Gene ontology (GO) enrichment analysis of our eight identified protein antigens revealed that the most enriched “cellular component” category was “focal adhesion” (Fig. 3a). In this GO enrichment analysis, four proteins (GRB7, FLNA, PABPC1, and EZR) were assigned localizations to focal adhesion. In order to test this hypothetical enrichment of protein antigens in the focal adhesion machinery, immunocytochemical dual staining was carried out for all the protein antigens we discovered, together with focal adhesion kinase (FAK), a focal adhesion marker (Fig. 3b–i and Supplementary Fig. 4). The results validated that the focal adhesion-related proteins (GRB7, FLNA, PABPC1, and EZR) significantly co-localized with FAK (Fig. 3b, d, e, and f, and Supplementary Fig. 4); moreover, HSP90 also exhibited dense deposits at the focal adhesion sites (Fig. 3c and Supplementary Fig. 4). Not merely GC cells but also other cancer cell lines such as from lung and pancreatic adenocarcinomas also exhibited clear co-localizations between FAK and the protein antigens (Supplementary Fig. 5). Co-localizations of these protein antigens with FAK were robustly observed in all analyzed cells with formations of visible focal adhesions. These observations were not non-specific phenomena in our experimental setting, since co-localizations of FAK and other protein antigens, LMNA, DLAT, and EML3, were not clearly observed at the focal adhesions in the cells analyzed (Fig. 3g–i and Supplementary Fig. 4). Not only co-localizations but also physical interactions of FAK and the protein antigens were proved in co-IP experiments. Co-IP of MKN1 and A549 cell lysate using an anti-FAK antibody showed that FLNA, HSP90, PABPC1, and EZR physically co-precipitated with FAK (Fig. 3j upper panels). GRB7 was not clearly observed in the FAK-IP in our experimental settings, probably due to the low IP efficiency of the FAK antibody we used or a lower expression level of the GRB7 protein in cell lines; however, a counterpart GRB7-IP using GSU cells and an FAK-IP using GRB7-overexpressed HEK293 cells robustly showed physical interactions between GRB7 and FAK (Fig. 3j lower panels). Together, these findings demonstrated that focal adhesion-related protein complexes are major and common humoral antigens of B cell immunity in tumors.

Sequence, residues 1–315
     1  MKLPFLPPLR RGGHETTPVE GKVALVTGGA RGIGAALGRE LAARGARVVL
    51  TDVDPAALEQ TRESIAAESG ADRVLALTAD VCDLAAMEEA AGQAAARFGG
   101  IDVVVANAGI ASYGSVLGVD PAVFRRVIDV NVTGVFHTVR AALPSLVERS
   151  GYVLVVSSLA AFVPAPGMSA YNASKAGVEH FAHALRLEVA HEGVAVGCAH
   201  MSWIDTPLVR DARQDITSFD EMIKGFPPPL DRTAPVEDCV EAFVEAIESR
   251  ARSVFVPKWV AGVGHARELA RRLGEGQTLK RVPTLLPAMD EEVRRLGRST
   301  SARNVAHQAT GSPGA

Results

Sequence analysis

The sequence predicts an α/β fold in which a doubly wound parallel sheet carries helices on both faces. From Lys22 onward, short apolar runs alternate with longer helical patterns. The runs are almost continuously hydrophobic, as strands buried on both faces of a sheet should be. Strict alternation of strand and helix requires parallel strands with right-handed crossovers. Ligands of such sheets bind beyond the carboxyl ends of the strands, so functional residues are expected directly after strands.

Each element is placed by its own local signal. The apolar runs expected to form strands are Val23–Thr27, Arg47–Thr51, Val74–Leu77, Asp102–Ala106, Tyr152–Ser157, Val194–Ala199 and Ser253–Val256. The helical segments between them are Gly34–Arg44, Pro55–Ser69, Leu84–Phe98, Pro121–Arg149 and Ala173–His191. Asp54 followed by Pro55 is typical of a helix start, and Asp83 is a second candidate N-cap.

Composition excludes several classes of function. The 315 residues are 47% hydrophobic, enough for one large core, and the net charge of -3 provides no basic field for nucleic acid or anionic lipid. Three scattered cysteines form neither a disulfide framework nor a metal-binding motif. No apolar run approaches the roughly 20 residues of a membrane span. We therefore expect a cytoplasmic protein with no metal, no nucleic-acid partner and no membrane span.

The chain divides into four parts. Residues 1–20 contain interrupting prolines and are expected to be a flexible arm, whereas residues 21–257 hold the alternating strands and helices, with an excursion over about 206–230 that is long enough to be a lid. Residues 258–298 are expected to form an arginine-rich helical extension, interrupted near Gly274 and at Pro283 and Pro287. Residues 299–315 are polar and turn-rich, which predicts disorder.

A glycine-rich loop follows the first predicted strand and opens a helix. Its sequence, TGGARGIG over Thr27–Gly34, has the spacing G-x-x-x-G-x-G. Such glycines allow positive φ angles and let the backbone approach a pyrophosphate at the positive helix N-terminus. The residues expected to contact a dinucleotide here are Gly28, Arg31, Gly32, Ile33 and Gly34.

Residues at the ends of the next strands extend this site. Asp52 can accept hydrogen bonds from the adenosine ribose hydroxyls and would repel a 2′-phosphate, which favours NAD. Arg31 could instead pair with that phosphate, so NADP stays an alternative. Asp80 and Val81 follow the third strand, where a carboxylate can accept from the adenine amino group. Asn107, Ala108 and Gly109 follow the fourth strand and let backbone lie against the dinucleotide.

We also performed immunofluorescent dual staining of the clinical GC specimens from which the reconstructed immunoglobulins were originally discovered (Fig. 4a–h). The focal adhesion structures were, in most cases, hardly identifiable in clinical specimens; however, close observations of immunofluorescent staining validated the co-localizations of FAK and five protein antigens (GRB7, FLNA, HSP90, PABPC1, and EZR) in these clinical tumor tissues. Such co-localizations between FAK and the identified protein antigens in clinical specimens were also observed in other malignancies such as lung and colorectal adenocarcinomas (Supplementary Fig. 6); implying that these co-localizations are general phenomena across various cancers. Immunohistochemical evaluation of immune cells in the tumors from which the FAK-related protein antigens were discovered showed that infiltrating B cells were, in general, in their activated states in these GC cases (Supplementary Fig. 7).
The focal adhesion-related humoral antigens are ribonucleoproteins